Systems methods for analyzing trade-offs between food security and conserving biodiversity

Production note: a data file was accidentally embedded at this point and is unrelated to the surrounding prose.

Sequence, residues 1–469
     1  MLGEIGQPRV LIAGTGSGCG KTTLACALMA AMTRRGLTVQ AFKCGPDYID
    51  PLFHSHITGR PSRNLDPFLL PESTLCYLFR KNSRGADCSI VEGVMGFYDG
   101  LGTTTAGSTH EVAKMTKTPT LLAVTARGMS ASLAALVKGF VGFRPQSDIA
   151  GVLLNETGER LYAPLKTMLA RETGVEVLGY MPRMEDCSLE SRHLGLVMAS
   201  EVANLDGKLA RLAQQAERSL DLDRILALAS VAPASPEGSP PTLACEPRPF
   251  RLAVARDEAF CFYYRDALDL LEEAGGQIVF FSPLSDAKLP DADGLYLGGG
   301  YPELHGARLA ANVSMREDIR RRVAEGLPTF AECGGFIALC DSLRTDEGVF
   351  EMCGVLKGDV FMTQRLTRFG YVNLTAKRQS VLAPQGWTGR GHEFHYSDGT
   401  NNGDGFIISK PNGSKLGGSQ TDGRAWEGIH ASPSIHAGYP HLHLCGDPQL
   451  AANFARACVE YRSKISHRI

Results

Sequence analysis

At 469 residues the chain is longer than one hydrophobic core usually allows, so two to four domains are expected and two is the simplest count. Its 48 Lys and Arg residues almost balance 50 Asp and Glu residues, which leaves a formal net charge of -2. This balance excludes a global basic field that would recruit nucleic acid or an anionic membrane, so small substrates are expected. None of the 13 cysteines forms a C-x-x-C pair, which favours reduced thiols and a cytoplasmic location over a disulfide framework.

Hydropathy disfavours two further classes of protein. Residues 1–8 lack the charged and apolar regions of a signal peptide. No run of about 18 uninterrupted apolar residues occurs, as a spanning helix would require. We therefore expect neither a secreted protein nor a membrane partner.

The endeavor for greater food security has caused trade-offs between increasing agricultural production and conserving habitat of threatened species. We take a novel approach to analyze these trade-offs by applying and comparing three systems methods (systems diagrams, influence matrices, and land use modeling) in a case study of Uganda. The first two methods were used to scope out the trade-off system and identify the most important variables influencing trade-offs. These variables were agricultural yield, land governance processes, and change in land use and land cover. The third method was used to quantify trade-offs and evaluate policy scenarios to alleviate them. A reference scenario indicated that increasing agricultural production by expanding agricultural land provided food for 79% more people in 2050 (compared to 2005) but with a 48% loss of habitat of threatened species. A scenario assuming strong investments to augment agricultural yield increased the number of people fed in 2050 up to 157%, while reducing the loss of habitat down to 27%. We use a novel “trade-off coefficient” for a consistent comparison of scenario results. A scenario assuming yield improvement and ring-fencing protected areas reduced the trade-off coefficient from − 0.62 in the reference case to − 0.15. This coefficient can be used as a common basis to compare results from different trade-off studies. It was found that the three systems methods are useful, but have limitations as stand-alone tools. Combining the methods into a single methodology increases their collective utility by maximizing the transparency and comprehensiveness and potential stakeholder engagement of a trade-off analysis.